Despite a handful of projects like 626 First Avenue and 70 Pine—the former AIG building that Rose Associates is converting to ultra-luxury rentals poised to be downtown’s priciest when they come on the market—there are very few new rental projects rising in Manhattan, according to Jonathan Miller, the appraisal guru who heads up Miller Samuel. “Builders build what makes economic sense and the land prices are so high that you really can’t build luxury rentals unless you bought land before [the current boom],” said Mr. Miller. “And even if you did, why wouldn’t you try to get the highest return you can?”
Some developers have found novel workarounds. For example, Equity Residential is partnering with Toll Brothers on a rental/condo tower designed by Christian de Portzamparc on Park Avenue South. “Given the premium land prices in New York City, it made sense to partner with Toll Brothers City Living,” wrote Marty McKenna, a VP at Equity, in an email to the Observer.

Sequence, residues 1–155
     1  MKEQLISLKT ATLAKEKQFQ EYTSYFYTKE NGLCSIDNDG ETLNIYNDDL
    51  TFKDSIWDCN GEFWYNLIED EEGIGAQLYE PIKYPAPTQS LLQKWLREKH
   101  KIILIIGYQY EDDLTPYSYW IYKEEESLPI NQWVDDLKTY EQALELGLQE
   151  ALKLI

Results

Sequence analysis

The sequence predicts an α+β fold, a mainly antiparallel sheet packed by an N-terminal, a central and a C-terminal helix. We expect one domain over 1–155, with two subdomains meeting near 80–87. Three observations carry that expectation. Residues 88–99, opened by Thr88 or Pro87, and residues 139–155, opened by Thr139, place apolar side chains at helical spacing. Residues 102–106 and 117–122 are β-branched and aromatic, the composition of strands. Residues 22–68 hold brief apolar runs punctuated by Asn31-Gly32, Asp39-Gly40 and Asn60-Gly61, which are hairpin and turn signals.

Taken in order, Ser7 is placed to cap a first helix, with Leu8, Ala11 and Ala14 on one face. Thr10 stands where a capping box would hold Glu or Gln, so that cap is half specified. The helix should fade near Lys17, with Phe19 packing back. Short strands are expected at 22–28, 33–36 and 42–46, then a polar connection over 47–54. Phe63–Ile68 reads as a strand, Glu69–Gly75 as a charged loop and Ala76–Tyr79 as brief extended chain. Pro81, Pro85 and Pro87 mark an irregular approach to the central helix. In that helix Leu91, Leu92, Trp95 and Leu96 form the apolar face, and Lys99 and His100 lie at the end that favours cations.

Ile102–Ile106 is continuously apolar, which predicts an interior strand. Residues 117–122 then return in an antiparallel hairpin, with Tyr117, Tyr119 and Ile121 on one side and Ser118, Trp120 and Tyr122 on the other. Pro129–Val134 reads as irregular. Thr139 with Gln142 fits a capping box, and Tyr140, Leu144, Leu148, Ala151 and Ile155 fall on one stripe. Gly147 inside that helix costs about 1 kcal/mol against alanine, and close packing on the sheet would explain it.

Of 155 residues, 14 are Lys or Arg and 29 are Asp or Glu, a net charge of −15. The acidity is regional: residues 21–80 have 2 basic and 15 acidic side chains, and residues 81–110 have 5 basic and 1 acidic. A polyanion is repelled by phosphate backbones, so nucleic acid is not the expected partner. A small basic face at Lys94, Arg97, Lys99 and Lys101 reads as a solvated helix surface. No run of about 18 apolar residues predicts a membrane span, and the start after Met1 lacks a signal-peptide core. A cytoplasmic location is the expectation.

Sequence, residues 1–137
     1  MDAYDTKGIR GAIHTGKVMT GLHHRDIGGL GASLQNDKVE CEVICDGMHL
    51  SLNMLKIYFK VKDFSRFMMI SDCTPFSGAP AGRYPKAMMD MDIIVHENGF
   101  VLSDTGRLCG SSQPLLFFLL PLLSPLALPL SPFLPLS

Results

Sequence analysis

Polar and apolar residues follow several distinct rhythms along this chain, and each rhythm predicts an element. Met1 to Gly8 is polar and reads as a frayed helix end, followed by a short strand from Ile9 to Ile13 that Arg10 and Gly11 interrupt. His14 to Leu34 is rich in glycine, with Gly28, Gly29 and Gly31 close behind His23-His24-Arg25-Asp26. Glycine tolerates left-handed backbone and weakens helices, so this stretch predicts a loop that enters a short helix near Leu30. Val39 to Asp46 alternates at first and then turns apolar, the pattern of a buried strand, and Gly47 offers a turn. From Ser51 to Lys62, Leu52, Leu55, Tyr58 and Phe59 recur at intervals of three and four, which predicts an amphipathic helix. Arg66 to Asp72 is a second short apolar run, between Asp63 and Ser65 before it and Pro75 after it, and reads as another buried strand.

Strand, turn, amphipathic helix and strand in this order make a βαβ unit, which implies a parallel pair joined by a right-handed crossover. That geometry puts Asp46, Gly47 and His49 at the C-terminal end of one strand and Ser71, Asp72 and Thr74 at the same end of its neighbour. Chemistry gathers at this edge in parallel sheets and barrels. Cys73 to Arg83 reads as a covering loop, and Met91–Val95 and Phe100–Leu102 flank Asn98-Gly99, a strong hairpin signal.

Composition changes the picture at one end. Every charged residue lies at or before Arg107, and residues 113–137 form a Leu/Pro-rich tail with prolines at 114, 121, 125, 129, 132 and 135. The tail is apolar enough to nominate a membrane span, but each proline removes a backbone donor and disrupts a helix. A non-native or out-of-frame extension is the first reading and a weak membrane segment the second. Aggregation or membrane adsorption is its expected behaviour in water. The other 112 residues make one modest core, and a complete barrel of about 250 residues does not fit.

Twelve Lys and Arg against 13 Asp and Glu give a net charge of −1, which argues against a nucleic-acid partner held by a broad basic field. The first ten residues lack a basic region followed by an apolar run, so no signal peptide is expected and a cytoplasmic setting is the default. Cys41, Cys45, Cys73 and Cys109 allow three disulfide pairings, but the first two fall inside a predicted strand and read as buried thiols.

Another work-around is building in a slightly less than prime location: most of Manhattan’s top-tier rental projects are popping up on the fringes of the city’s most fashionable districts: One MiMA and Mercedes House in Hell’s Kitchen, 626 First in Murray Hill and 8 Spruce and 70 Pine in the Financial District (though 8 Spruce is more the no man’s land between FiDi and City Hall).
And so, much of the new rental housing—for which there is still great demand given that some 70 percent of New Yorkers are renters—is being built in Brooklyn and Queens. Mr. Miller said that when he started appraising back in 1986, 80 to 85 percent of Manhattan’s housing stock was rental; now it’s closer to a 75/25 split.